Like badminton, squash and any other sports that involve the use of a racket, learning the correct grip is vital in table tennis. Tell any table tennis pro to give you a crash course – and we’re pretty sure the first thing they’d highlight is the grip. Why so?
Well, simply because gripping your racket is the most fundamental skill of all. How you hold your table tennis racket has a significant impact on the spin, control, accuracy and speed of your shots. Without a correct grip, you cannot execute the shots properly – much less advance your skill sets. So spend the time building the foundation, and we promise you’ll reap the rewards later on.
Now, while there are different variations of grips for all kinds of shots in the world of table tennis, we’d highly recommend beginners to try their hands on the shakehand grip first before experimenting with varying styles for different types of gameplays. A versatile and comprehensive grip in its standard form, the shakehand grip is certainly a great starting place for beginners.
What is the Shakehand Grip
The oldest and most dominant grip in Table Tennis, the shakehand grip – as its name suggests – is similar to the pose you’d use when you give someone a handshake. With the index finger extended, it allows for an even distribution of power between the forehand and backhand strokes. Some of the pros of the shakehand grip include:
- The grip feels natural and is easy to master
- It can be used forehand or backhand
- It grant players the freedom to move their wrist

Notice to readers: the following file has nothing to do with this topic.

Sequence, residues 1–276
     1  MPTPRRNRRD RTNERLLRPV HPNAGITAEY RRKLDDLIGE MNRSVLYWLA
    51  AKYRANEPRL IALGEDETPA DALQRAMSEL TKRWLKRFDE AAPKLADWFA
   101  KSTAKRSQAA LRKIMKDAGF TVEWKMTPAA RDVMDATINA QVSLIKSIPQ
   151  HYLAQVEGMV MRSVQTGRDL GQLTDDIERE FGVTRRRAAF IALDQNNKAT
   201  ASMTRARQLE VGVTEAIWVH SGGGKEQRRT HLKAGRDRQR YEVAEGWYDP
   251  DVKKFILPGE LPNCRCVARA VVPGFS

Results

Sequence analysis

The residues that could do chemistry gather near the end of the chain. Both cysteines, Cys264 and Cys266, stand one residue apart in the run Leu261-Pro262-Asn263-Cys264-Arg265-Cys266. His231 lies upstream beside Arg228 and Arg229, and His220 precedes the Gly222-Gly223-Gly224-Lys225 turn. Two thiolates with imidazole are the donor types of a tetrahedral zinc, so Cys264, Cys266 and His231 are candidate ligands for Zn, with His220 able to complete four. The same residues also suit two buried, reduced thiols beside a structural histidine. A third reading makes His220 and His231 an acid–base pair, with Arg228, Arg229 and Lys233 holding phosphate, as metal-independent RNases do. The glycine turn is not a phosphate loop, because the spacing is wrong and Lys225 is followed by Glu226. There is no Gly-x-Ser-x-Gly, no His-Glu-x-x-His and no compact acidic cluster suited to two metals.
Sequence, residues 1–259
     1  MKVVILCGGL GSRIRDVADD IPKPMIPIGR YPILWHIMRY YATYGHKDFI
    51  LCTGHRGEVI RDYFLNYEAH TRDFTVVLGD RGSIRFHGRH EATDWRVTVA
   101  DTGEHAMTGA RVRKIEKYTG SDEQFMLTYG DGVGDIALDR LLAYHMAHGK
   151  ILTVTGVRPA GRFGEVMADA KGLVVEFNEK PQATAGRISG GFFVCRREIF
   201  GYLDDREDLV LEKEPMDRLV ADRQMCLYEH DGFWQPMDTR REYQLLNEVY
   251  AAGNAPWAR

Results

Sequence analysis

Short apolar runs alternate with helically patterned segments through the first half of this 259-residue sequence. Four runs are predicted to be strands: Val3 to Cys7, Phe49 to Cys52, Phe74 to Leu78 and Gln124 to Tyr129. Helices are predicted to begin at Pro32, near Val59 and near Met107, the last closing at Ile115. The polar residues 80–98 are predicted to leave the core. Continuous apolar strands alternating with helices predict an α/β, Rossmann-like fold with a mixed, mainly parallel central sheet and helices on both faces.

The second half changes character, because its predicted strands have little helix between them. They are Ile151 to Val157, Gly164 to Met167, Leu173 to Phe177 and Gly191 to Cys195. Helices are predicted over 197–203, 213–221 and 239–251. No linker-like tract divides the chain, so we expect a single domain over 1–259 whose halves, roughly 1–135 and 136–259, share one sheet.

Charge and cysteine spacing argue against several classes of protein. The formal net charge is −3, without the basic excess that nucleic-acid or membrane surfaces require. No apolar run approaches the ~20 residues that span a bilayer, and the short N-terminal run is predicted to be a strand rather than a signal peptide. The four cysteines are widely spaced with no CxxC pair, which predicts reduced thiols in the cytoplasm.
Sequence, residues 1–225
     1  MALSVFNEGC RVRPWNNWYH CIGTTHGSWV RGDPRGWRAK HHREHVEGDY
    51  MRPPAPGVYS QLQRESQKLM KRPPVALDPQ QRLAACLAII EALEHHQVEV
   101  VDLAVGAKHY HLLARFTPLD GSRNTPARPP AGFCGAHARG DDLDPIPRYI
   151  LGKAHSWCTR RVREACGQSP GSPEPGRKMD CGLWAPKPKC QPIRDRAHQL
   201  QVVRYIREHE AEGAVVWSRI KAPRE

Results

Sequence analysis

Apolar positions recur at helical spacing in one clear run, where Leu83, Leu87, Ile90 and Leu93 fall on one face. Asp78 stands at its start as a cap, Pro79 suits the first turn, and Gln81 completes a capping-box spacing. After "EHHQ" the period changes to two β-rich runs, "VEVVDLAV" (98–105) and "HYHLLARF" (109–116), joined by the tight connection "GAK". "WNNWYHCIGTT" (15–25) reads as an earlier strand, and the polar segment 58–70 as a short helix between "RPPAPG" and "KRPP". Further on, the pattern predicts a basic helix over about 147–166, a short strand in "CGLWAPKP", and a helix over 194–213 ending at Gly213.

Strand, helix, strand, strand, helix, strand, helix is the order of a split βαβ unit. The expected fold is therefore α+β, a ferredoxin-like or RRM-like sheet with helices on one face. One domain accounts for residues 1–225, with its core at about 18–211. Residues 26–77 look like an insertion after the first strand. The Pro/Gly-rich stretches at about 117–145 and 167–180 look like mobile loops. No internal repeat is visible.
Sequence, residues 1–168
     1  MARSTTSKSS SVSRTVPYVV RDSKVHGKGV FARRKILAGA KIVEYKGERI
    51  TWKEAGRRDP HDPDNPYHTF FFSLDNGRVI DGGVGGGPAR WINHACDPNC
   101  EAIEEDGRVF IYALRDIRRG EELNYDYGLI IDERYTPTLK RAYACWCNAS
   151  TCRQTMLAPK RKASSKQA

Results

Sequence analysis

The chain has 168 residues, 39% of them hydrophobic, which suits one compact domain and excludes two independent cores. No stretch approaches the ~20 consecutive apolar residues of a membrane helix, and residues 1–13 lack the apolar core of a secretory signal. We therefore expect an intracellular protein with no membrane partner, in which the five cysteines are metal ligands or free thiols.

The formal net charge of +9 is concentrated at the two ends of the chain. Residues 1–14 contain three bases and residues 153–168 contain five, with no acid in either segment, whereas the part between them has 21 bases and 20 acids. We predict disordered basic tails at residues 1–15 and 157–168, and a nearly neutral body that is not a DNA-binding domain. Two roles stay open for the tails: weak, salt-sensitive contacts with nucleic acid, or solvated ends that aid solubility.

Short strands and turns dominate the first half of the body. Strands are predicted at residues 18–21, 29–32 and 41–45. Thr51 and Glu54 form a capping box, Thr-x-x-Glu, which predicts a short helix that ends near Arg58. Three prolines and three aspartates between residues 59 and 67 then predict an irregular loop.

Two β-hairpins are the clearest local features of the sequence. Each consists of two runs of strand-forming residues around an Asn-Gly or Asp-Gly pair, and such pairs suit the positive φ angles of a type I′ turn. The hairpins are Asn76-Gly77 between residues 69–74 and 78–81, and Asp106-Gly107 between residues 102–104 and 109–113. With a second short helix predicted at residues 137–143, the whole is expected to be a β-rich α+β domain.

- It allows for easy readjustment of the racket angle
Mastering the Shakehand Grip
How to Hold the Bat Using the Shakehand Grip
Firstly, hold the bat with the web between the thumb and index finger of your playing hand, and let the head sit snugly into the “V” shape formed by the thumb and index finger.
The thumb should be slightly bent in a comfortable position, the blade should be perpendicular to the floor, and let the remaining three fingers wrap around the handle for better stability.
Also, ensure that your index finger lies parallel to the straight edge of the rubber at the base of the racket head, as this allows for better control over the angle. You can also choose to hold the bat a little further down the handle – doing so will grant more wrist flexibility and power. However, it is noteworthy that this comes at the expense of a little bit of control.
3 Mistakes to Avoid While Using the Shakehand Grip
There are some common mistakes that beginners tend to make while using the shakehand grip. It’s important to correct that for good before it becomes a bad habit that’s ingrained and difficult to break.
1. Tilting Your Hand Too Much Towards One Direction or the Other
Many beginners have the tendency of tilting the bat too much towards one direction to allow for better forehand or backhand. However, this greatly restricts your movement.
2. Placing the Thumb on the Racket Surface
When you place your thumb on the racket surface, hitting forehand strokes becomes incredibly uncomfortable and awkward. The ball may also accidentally hit the thumb instead of the racket surface.
3. Holding the Handle Too Tightly
True enough, you should hold the handle firmly – but not tightly. Gripping the bat far too tight will also tighten the muscles in your wrist and arm, eventually restricting and slowing your arm movement.
Time to Check Your Grip
We hope you’ve learned a thing or two about the shakehand grip. Now’s the time to find the best grip for your game with a table tennis bat from Sin Ten Singapore. With an inventory of bats from top table tennis brands readily available at your fingertips, finding the right one has never been so easy. Buy your table tennis bat online today.